A_Create a 3D object, mould and cast it.
A_Create an object, mould it and cast it.
I made a rubber stamp for my Twistab stool brand logo. I deliberately decided to do something simple so I could experiement and make shure to complete the assignment on time, learn the basic process and get familiar with molding and casting techniques and materials.
The material I am using is Ferris File-A_Wax blue made by Freeman Manufacturing and Supply Company. The product is blue solid wax insoluble that melts at 240º F. and hardens at 52ºF. Flash point, which is the temperature at which the wax catch fire, is 465ºF. This wax has a mild odor and is not considered an hazardous substance or mixture though breathing vapor, mist or gaz shall be avoided. When hot material should not have contact with skin. An appropriate exhaust ventilation environment should be provided when work on implies dust material. The use of a full face shield, safety glasses and gloves are compulsory when habdling heated material. For more detailed informations see the Safety data sheet.
I used a pre-moulded block of 10 x 15 cm. and started by flattening it using the fabmodule "rough cut" with 1/8 endmill on a Roland Srm20 and milled on .
Making the Rhino file I struggled to figure out the positive/negative extrusion so the word "Twistab" would come out the right way when the ink is stamped on the surface.
My first attempt was a mold with the letter reversed but I did not casted it because I realized after milling that the rubber skin cast would result in the word reversed once it is stamped.
I went back to the rhino file and corrected the file according to the following logic:
1º- positive image on Rhino file
2º- negativ mirror extrusion on wax.
3º- positive cast silicon rubber skin
4º- positive ink image stamped on surface
I exported the rhino file to .stl and imported it to the fabmodule. I made a first "rough cut" and after a "fine cut" both with the 1/8inch endmill.
To cast the rubber stamp I use Smooth-on PMC790, a non-volatile liquid Polyurethane Elastomer containing a small proportion of toluene diisocyanate which is designated as hazardous. Handling requires safety glasses, long sleeves and rubber gloves to minimize contamination risk. Good ventilation is necessary. In non ventilated environment wear respiratory equipment.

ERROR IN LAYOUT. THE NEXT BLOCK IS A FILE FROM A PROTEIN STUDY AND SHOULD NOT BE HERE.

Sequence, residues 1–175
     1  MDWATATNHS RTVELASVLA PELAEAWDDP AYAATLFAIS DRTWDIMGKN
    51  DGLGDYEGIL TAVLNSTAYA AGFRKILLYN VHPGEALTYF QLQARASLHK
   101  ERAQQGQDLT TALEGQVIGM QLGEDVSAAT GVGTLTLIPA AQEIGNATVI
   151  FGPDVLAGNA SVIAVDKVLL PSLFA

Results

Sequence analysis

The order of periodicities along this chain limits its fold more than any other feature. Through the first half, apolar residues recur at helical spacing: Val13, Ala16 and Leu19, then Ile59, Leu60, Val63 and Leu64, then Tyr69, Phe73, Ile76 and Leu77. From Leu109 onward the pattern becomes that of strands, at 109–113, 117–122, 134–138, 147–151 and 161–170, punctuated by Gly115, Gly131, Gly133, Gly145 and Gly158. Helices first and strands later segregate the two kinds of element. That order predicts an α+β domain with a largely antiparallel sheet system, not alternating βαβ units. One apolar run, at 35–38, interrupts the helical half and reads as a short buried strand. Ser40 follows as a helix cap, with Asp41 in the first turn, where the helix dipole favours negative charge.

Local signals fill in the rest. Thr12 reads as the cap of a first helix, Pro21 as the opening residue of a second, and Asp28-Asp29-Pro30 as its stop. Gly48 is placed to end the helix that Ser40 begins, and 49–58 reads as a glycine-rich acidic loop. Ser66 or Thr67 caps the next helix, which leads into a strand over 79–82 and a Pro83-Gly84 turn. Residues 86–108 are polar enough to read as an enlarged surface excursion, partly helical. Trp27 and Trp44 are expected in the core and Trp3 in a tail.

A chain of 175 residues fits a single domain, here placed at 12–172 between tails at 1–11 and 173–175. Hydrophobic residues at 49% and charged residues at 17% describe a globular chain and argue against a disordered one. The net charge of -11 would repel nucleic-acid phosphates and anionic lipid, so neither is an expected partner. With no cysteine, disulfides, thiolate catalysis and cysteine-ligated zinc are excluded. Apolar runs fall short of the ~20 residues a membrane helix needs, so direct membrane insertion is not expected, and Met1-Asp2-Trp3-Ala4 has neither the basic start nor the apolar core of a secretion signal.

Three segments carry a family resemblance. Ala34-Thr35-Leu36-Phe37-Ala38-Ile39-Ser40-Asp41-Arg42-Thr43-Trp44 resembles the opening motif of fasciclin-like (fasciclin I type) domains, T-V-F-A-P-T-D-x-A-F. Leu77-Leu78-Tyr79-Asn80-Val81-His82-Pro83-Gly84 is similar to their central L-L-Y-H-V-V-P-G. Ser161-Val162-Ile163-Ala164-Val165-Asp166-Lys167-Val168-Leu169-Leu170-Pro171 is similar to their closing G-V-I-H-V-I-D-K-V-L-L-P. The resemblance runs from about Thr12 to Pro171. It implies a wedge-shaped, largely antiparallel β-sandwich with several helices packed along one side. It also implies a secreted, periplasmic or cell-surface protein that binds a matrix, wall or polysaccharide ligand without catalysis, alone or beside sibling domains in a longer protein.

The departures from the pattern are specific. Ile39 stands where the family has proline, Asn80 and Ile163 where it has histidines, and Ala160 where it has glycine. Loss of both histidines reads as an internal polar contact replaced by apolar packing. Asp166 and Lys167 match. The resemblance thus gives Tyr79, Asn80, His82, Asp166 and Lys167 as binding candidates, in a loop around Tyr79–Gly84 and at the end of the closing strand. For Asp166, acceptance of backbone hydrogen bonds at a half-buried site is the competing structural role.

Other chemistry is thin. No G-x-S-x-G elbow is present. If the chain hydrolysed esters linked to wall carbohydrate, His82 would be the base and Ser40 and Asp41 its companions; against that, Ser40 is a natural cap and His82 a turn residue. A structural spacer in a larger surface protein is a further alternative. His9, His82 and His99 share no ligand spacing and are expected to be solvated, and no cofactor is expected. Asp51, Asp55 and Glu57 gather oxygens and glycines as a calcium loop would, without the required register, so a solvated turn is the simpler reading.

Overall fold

The material has a sharp pungent odor, is non-flamable and has a flash point of 132ºC. It is composed of PART A (clear yellow) + PART B (dark amber) to be mixed in 2A:1B proportion and a demoulding time of 48 hours. Product has limited shelf life which reduces drastically once containers have been opened. It is recommend to label containers with last date of use. And in case of doubt testing is necessary.
See the Safety data sheet for more details.
After mixing the 2 parts according to the reccomendations I purged the air with the vaccum chamber. I like this machine. It is quite amazing how many bubbles are stored into the liquid that apparently is transflucid.The matter is suddenly alive.
Than I poured it carefully into the mould, covered it with a piece of plexiglass and clamped it to a table.
48 hours later I demoulded it. It came out pretty well apart from few bubbles in the mold but none in critical area that could affect the stamp quality.
I used pine resin to glue the silicon rubber with 3D printed PLA using the handle I had done in thw previous assignment.
I have been curious about pine resin for a while and thaught it was a good opportunity to test it. I went by pure intuition and did not even read or research about it before. Just did it. I collected a bit (50 grams) of pine sap from a pine tree behind the lab, mixed it with 96% Alcohol (1:1 proportion). With a small stick I diluted the resin and the alcohol until getting a pasty liquid.
I applied the liquid with a brush on both surfaces, clamp them together and let it sit there for 12 hours. and The result was just perfect- the PLA and silicone rubber bounded strongly. I repeated the whole process for a second unit that I will be usiing to stamp the packaging of my products.
Designing and 3D milling for moulding and casting
To further explore CNC milling in 3D I made a mould for a lampshade that I will produce for the composite assignment. The idea is to make a lamp shade with thin and transparent material (preferably organic such as paper, wood, fibers and/or fabrics, etc...) with enough rigidity so it keeps the shape and in thin layer so it can stack on top of eachother. The idea is to stack various in differents colors to create hues of transparency effect.